One usually thinks of time as a total ordering of events. That means of two events one comes before the other, especially inside a computer. Just now ideas from several disparate fields collided in my head: In common among these is the idea of several possibilities proceeding at once—possibilities that are normally thought to be resolved before proceeding.
Quantum mechanics
In quantum mechanics there is generally uncertainty on what will happen next. Accounting for what is observed seems to require considering many things ordinarily thought of as alternatives, having each happened, to a degree; and the degree is a complex number! Quantum Mechanics considers many things the could have happened to a particle between times x and y in order to predict what will be observed at time y,
Processor design
Modern processor design has adopted a strategy of speculative execution. The program expresses a condition which is to control which of two paths the computation is to take. Often there are parts of the hardware that have nothing profitable to do while this condition is being evaluated. Speculative execution is a general scheme that employs this hardware to compute results which would be required on one or two of the two possible outcomes of the evaluation. Real work for alternative paths may proceed concurrently. Steps are taken to ensure that all effects are suppressed for any work based on a wrong guess. In some designs two streams of instructions may be followed simultaneously in speculative mode but one will always be abandoned after a few instructions. A processor proceeds on instructions on the tentative assumption that some conditional branch will eventually occur as predicted. Speculative results can be discarded by renaming registers. Adders do a similar trick to shave picoseconds off of an add time by speculating on whether there is or is not a carry at some point.
Banking practice
Banking practice seems often to proceed on faith that “the funds will materialize” or “paper to follow” and with the understanding that if they don’t then some transaction can be backed out. Unlike the other concepts here there seems to be no definite time at which the possibility to back-out ceases. If I take cash from the bank in unmarked bills perhaps certain possibilities of backing out are precluded.
Dennett’s Theory of Consciousness
In Daniel C. Dennett’s “Consciousness Explained” he introduces the idea of “Multiple Drafts” which are presumed to be proceeding in the brain as the brain considers several possible alternative “facts of the matter”. When the ambiguity is resolved the losing drafts are not made available to short term memory and we are not conscious of them. The book reports experimental evidence for this. I think each agent is on its honor to shout loudly depending on how good it ‘thinks’ its idea is.
Fantasies are psychological phenomena perhaps related to Dennett’s multiple drafts. They help us reason about what did happen when clues are scarce, and they help us choose alternative actions assuming that we have a good grasp of likely consequences of our actions. Unlike the multiple drafts, fantasies are more elaborate and we are conscious of them. Delusions are probably an aberration of these mechanisms.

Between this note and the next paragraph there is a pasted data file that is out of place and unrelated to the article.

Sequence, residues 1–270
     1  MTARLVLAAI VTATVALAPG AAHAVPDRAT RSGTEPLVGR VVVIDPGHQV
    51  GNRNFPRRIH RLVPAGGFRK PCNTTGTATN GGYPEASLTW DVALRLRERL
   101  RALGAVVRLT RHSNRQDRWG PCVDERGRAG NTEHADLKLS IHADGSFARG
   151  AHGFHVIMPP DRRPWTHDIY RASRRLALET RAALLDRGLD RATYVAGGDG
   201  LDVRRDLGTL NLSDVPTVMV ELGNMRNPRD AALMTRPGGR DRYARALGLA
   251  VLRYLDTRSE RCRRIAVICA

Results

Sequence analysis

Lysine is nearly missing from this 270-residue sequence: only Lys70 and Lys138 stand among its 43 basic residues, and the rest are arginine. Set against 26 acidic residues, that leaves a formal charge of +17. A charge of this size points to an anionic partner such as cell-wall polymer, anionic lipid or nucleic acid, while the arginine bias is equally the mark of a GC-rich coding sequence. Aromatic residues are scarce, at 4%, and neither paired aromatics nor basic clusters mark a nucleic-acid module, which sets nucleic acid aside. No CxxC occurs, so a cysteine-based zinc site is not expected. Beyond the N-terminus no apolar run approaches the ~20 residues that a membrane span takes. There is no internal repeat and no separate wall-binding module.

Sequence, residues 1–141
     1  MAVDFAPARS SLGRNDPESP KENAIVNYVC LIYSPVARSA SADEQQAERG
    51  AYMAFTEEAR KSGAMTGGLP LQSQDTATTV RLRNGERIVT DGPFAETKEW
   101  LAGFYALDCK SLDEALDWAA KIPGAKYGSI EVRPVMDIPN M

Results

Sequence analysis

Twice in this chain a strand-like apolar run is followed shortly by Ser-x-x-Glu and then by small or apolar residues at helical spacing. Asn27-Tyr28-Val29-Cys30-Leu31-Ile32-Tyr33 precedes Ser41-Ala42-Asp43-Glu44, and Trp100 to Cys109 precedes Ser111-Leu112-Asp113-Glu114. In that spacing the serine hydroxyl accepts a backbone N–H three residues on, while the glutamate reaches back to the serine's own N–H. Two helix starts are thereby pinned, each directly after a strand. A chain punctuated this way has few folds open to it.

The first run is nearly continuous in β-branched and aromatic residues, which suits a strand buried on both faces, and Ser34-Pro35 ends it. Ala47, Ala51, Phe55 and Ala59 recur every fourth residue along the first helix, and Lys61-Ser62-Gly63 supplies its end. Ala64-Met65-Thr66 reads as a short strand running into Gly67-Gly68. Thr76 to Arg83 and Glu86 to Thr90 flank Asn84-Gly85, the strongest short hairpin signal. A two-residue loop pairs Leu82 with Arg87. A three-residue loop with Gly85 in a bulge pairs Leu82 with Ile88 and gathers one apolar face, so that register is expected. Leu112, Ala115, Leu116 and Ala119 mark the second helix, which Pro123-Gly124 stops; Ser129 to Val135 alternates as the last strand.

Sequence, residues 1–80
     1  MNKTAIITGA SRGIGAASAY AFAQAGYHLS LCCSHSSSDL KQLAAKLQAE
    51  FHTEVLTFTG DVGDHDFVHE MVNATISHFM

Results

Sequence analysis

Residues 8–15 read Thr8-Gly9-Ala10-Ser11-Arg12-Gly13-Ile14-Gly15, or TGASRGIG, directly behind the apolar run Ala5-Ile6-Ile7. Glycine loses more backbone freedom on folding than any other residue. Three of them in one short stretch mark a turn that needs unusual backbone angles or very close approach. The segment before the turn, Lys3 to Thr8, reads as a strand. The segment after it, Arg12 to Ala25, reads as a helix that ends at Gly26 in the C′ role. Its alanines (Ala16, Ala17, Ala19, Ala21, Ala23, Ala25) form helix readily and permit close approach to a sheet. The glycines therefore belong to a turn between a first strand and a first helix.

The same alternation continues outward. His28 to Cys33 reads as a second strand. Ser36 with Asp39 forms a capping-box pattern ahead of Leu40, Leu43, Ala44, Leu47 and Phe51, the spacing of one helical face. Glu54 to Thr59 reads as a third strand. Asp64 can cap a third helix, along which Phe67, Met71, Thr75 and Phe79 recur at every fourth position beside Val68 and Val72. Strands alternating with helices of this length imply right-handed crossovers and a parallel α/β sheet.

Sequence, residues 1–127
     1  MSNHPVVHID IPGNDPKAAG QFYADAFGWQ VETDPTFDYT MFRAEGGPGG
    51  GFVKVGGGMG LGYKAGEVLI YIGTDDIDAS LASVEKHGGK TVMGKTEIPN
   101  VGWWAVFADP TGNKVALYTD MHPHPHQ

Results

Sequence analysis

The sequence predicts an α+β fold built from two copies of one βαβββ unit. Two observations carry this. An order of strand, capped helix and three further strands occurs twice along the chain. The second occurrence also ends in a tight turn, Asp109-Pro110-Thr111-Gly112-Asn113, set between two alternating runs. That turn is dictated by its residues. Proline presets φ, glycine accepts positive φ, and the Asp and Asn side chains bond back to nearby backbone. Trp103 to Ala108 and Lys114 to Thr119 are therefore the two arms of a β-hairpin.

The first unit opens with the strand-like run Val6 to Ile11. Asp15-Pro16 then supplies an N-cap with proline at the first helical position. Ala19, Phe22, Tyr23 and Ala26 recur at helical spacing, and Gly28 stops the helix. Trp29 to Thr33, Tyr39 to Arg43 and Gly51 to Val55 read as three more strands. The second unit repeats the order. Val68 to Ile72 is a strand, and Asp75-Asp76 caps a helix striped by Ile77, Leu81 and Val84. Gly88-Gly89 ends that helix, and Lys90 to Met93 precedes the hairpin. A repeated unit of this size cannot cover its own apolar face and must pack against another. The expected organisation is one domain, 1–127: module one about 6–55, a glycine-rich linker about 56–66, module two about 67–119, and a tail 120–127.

Data Base Commit and Abort logic
that allows an application program to undo several operations on a data base,
This is a technique wherein a data base or whole computer system is aware of two distinct plausible contradictory states of affairs. One may be the “true state” whereas the other may be a “cover story”. Of course this is an art practiced by humans probably since before we had language. Anthony Cave Brown’s “A Bodyguard of Lies” tells of the allied deceptions carried out during world war II regarding plans to invade the European continent. Neal Stephenson’s “Cryptonomicon” gives a fictionalized account of Alan Turing’s work in designing sophisticated statistical deceptions to keep the Germans from realizing that the allies had broken the Enigma code.
Sometimes signals arrive at a computer which cause the computer to modify its records or reply to the signal with information depending on its records. Sometimes a reply depends on the state of the records which is very new. Indeed the order of the incoming signals determine the responses thereto. If computers were fast enough they could reply to each message before considering the next. As it is they process the messages concurrently and may discover before responding to one message that another message has changed the state since the first message arrived. One of the message processes must be sacrificed along with all the effects it has had on the records. The computer thus acts as if each message had been considered and responded to before the next message was considered.
Decision Support Software
This is merely simulation software that explores alternatives, perhaps attended by a human, perhaps not. This is, of course, merely an aid to the ancient faculty of the human brain to imagine possible alternative future situations, in order to bring some about and avoid others.
Checkpoint Restart
logic in systems like KeyKos that roll time back upon certain catastrophes and may, in the future, do even more bizarre tricks with time. See checkpoints.
which abolishes simultaneity,